Chapter 7 and the Presumption of Abuse
Not everyone can file for Chapter 7 bankruptcy because of the means test. The means test is a test of income to see if the debtor makes too much to file for Chapter 7. If a debtor fails the means test, the debtor now has two options: 1) file for Chapter 13, or 2) fight what is known as the presumption of abuse.
What is the Presumption of Abuse?
If a debtor files for Chapter 7 bankruptcy, even after the means test has indicated that the debtor makes too much money to file, the debtor must admit that there is what is known as a “presumption of abuse.”
The presumption can also arise when the debtor charges up a lot of money just before the bankruptcy, or if the debtor has exorbitant and luxurious expenses, which appear to be the reason why they are filing for bankruptcy.
Ten days after filing, if the filing appears to be abusive the bankruptcy trustee will file a statement saying it is presumed abusive. All creditors will get notice of the trustee’s findings.
Fighting the Presumption
However, the word presumption just means an assumption. That means that the debtor has the chance to fight the presumption and show the court why the debtor should still be able to file for Chapter 7, even though the debtor’s income seems to be above the legal limit.
For example, what if the debtor charged up a lot of money just before filing bankruptcy, but it also turns out that happened when the debtor got a raise at a job that they were recently laid off from? The debtor could show the amount was charged innocently and at a time where the debtor thought the amount could be paid back.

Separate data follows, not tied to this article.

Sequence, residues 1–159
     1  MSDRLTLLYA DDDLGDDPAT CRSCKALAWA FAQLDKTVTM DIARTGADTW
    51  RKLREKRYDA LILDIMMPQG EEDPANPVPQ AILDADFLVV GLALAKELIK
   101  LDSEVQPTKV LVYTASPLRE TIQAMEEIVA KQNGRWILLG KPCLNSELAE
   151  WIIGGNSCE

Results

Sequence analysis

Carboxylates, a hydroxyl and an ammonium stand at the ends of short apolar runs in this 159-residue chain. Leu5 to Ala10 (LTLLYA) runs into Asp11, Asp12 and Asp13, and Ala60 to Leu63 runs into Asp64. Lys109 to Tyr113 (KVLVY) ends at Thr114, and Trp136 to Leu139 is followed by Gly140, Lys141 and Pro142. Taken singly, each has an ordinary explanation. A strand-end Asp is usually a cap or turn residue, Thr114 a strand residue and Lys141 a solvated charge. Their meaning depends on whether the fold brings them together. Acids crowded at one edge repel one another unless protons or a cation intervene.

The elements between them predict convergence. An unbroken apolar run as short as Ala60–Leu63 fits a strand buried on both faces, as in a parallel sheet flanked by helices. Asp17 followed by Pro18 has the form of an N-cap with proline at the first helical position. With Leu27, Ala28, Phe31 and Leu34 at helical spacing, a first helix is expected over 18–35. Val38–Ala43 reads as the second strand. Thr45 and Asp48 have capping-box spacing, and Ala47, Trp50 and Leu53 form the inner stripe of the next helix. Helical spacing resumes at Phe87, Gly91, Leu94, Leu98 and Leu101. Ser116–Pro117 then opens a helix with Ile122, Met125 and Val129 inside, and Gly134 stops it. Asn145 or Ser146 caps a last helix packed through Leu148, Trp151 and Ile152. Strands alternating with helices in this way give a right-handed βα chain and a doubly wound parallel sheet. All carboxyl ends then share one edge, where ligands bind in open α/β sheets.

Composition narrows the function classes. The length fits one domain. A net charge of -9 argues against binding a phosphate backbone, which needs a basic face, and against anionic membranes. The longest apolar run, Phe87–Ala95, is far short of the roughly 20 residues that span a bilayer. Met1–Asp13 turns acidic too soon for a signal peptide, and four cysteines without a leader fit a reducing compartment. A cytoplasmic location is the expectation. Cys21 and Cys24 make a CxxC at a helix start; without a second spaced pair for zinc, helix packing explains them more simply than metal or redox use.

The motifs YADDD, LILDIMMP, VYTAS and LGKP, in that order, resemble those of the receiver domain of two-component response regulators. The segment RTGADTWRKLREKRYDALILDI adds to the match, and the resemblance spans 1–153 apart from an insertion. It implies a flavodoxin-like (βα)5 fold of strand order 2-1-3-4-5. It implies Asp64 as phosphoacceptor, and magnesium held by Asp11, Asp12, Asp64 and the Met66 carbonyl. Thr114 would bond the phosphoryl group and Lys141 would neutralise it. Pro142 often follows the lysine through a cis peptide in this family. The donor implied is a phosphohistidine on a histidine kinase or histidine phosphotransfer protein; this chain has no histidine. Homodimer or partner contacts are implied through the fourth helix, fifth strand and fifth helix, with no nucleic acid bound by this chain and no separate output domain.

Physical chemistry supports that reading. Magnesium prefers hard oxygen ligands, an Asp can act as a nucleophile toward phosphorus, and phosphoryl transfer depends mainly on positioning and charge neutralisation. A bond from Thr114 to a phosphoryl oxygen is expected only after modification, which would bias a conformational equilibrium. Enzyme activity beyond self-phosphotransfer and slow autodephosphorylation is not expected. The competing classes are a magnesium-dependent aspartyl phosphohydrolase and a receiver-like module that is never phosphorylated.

If a consumer had some special circumstance that raised their income on a temporary basis, like a one time inheritance, or bonuses given at work that raised the debtor’s income, the debtor can show that their normal income would not be considered abusive.
Unexpectedly high expenses or bills can also overcome the presumption of abuse. For example, if a child or family member recently became sick, and the debtor had to suddenly pay for medical expenses, or the sick member was an income earner and is no longer working, these are all situations where the debtor could show the court that the filing is not abusive.
Where debtors should be careful is where they have exorbitant debts in comparison with income. Chapter 7 bankruptcy isn’t concerned with “guilt,” that is, nobody is looking at your financial choices and judging you.
However, debtors who have exorbitant expenses—luxury cars, multiple properties, etc. – while also having minimal income could face a trustee’s charge that the filing is abusive.